Critics charge company trying to stay competitive as Walmart says raises due to tax overhaul bill.
Walmart announced Thursday it was raising its minimum wage across the U.S. to $11 per hour and giving $1,000 bonuses to some employees.
The country’s largest employer said it was paying higher wages to its more than 1 million hourly workers because of corporate tax cuts recently passed by Congress.
“Today, we are building on investments we’ve been making in associates, in their wages and skills development,” Walmart CEO Doug McMillon said in a statement.
“It’s our people who make the difference, and we appreciate how they work hard to make every day easier for busy families.”
The move was heralded by the White House, with Treasury Secretary Steven Mnuchin thanking the company during a news conference.
“Walmart is the latest company to make such an announcement, directly result of the Tax Cuts Act,” he said.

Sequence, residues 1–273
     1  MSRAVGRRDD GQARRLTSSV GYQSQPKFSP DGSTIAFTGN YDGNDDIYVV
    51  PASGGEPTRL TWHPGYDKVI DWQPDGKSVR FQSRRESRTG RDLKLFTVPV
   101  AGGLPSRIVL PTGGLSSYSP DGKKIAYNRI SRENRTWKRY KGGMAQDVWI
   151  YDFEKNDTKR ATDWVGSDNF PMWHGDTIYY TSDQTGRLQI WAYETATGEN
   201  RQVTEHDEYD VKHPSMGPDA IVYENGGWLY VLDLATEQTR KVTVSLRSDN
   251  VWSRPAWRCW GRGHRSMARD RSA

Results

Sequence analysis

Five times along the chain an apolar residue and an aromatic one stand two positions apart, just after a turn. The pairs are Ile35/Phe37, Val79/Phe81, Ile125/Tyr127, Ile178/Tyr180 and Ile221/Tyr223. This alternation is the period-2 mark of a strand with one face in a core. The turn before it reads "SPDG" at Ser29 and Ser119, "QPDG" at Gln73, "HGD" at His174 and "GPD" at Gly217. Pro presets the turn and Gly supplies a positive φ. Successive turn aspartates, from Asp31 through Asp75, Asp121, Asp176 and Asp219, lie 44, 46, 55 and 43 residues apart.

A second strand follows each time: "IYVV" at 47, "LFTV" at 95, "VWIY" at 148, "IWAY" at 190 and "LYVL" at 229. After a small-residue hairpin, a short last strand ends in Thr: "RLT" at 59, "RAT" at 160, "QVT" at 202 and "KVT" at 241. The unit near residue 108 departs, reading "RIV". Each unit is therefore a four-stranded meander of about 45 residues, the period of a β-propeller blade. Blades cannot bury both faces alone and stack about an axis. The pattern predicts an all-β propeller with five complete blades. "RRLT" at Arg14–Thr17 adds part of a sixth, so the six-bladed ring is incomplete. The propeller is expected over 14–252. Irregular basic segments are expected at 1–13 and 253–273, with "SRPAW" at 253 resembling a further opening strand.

The raises, though, were instantly criticized by some as a public relations stunt to boost opinions on a controversial tax reform bill that lowered the top corporate tax rate from 35 percent to 21 percent.
Soon after the Republican bill passed Congress last month, companies including Wells Fargo, Boeing and AT&T said they would raise wages and hand out bonuses.
The Walmart bonuses are based on how long employees have worked with the company. Only workers who have been employed for 20 years or more will receive the full $1,000.
Charles Fishman, who wrote the book ‘The Wal-Mart Effect’ about the international implications of Walmart’s business model, said the move likely means the company is worried about employees seeking higher wages at competitors like Amazon. He also believes the move means Walmart thinks the economy is not about to go into a recession.
“Walmart sees unemployment staying low & Walmart — [with] low-pay, challenging work — must get competitive or lose staff,” Fishman wrote on Twitter.
On the same day as the wage hike announcement, Walmart said it was closing more than 60 Sam’s Club stores, a Walmart subsidiary, across the country.